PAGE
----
Japanese vintage wood netsuke 根付 rabbits born in Japan about 50 years ago. We adopted from a friend who has a wonderful store of all things Japanese. According to othis friend, the netsuke is about 50 years old dating it to the late Showa period of 1926–1989, with this one being made in the 1960s. It is adorable and made very well. He also noted the art and carving work is indicative of a very talented netsuke artist.
The bunnies are snuggling together in this netsuke. Now I am not sure if the artist intended on depicting the man and wife or parent and baby. I think the latter is probably what is closest to the size of the rabbits. 'The baby is riding the mother rabbit because it is tired.' Wide himotoshi holes are also made in the bottom for placing the netsuke cord through. Once the artist has carved and sanded the wood to their liking and the netsuke is done with this stage, they will then cover it in lacquer. In the case of this one, it appears to be carved of a lighter colored boxwood and lacquered in a darker color. It is not quite ebony but it is dark. Boxwood is the most common woods used for carving netsuke. The eyes are then added. These are some nice ones with a metal base with prongs to hold them instead of just gluing them on. Most likely these are glass eyes but I did not check or asked my dealer.
Rabbits are very popular in Japan and are symbols used on many things in Japan culture including the tea ceremony. the home, the body, and so much more. They are first and foremost a symbol of good luck. Rabbits only drive forward and don't step back so they have been considered lucky in the case of career advancement. They also represent fertility, very important in the life of many couples. The rabbit is a symbol of cleverness, self-devotion. It appears in many myths. In the old days, it was a symbol of Spring and it is still very much a symbol of fertility.
It is in excellent condition with no cracks or splits or damage. It does have some minor age wear and very samll scratches on the bottom. The sculpture has inscribed his signature on the bottom using a mother of pearl cartouche.
Size: Length 1.8 inches or cm, Width 1.2 inches or 4.2 cm, Height 1.0 inch ot 2.5 cm. Weight 40 grams or 1.41 oz.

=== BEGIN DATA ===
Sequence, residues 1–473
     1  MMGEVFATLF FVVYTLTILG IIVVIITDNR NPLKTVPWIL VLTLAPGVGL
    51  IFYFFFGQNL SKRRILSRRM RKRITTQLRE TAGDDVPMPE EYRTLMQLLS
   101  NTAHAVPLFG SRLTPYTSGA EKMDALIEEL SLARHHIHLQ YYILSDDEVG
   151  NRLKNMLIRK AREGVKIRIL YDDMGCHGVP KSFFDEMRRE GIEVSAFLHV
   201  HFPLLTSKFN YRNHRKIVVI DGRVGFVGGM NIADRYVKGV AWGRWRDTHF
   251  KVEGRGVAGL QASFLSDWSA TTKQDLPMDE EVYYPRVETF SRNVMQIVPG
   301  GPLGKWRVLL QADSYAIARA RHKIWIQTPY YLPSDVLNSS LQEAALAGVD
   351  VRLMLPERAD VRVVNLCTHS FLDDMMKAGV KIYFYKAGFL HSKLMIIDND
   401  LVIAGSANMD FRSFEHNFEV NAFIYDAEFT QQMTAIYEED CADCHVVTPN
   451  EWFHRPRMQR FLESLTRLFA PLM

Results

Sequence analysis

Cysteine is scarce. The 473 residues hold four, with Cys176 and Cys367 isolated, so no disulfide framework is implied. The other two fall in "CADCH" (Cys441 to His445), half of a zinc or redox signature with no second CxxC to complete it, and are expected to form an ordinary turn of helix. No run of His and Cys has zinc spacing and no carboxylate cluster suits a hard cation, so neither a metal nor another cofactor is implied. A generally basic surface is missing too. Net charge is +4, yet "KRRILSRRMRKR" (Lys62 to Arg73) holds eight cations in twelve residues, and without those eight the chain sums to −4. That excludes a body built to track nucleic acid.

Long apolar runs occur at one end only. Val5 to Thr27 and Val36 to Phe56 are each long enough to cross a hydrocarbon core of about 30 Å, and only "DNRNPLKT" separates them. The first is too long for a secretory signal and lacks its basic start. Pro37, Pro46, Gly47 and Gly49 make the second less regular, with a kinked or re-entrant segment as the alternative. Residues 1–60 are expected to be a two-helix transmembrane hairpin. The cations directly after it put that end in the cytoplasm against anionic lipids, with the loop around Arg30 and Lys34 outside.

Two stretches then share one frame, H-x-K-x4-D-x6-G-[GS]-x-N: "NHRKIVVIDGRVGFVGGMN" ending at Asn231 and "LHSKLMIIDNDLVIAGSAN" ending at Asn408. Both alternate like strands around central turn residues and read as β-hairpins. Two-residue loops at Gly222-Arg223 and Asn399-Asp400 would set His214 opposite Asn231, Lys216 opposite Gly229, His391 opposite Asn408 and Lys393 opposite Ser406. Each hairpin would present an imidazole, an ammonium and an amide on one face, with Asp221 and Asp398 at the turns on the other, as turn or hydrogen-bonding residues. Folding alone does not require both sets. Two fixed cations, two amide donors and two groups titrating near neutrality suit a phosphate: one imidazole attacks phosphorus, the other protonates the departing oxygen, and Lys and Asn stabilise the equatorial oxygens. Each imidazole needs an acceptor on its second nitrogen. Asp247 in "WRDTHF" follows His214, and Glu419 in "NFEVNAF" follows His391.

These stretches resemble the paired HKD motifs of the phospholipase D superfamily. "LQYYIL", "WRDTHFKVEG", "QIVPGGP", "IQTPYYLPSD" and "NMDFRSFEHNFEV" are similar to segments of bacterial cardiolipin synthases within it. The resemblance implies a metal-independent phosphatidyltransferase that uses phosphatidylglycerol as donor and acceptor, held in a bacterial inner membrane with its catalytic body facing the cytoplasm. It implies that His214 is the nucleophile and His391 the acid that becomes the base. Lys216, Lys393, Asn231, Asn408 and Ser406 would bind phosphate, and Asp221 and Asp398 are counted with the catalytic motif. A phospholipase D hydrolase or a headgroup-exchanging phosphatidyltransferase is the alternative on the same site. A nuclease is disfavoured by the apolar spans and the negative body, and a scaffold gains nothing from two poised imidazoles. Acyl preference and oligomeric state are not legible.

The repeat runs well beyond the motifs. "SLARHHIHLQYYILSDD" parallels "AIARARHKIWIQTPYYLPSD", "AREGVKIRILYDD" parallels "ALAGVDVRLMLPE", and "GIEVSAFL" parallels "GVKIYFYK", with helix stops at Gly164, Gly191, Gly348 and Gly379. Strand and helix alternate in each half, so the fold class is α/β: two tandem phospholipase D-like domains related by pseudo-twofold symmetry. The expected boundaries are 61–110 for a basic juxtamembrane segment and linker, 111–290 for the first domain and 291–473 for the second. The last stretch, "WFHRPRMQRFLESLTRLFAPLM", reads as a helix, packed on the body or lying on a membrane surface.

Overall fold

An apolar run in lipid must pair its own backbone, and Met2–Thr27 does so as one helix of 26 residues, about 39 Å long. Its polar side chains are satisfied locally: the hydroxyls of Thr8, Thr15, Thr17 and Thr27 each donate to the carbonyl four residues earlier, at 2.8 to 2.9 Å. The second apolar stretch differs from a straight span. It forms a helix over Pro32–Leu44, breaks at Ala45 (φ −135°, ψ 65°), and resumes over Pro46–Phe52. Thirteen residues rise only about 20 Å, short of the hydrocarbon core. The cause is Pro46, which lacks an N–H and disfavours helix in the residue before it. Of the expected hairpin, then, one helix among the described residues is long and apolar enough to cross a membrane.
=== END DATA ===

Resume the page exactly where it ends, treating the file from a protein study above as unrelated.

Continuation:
Netsuke are miniature sculptures that were invented in 17th-century Japan to serve a practical function (the two Japanese characters netsuke mean "root" and "to attach"). Traditional Japanese garments, robes called kosode and kimono, had no pockets; however, men who wore them needed a place to store their personal belongings, such as pipes, tobacco, money, seals, or medicines.
Their solution was to place such objects in containers called Inro, hung by cords from the robes' sashes obi. Sometimes they are or were carried in the sleeve on the kimono. The entire piece all together is sagemono. The containers may have been pouches or small woven baskets, but the most popular were beautifully crafted boxes (inrō), which were held shut by ojime, which were sliding beads on cords. Whatever the form of the container, the fastener that secured the cord at the top of the sash was a carved, button-like toggle called a netsuke.
Netsuke, like the inrō and ojime, evolved over time from being strictly utilitarian into objects of great artistic merit and an expression of extraordinary craftsmanship. Such objects have a long history reflecting the important aspects of Japanese folklore and life. Netsuke production was most popular during the Edo period in Japan, around 1615-1868. Today, the art lives on, and some modern works can command high prices in the UK, Europe, the USA, Japan and elsewhere. Inexpensive yet faithful reproductions are available in museums and souvenir shops.
Above Excerpts From Wiki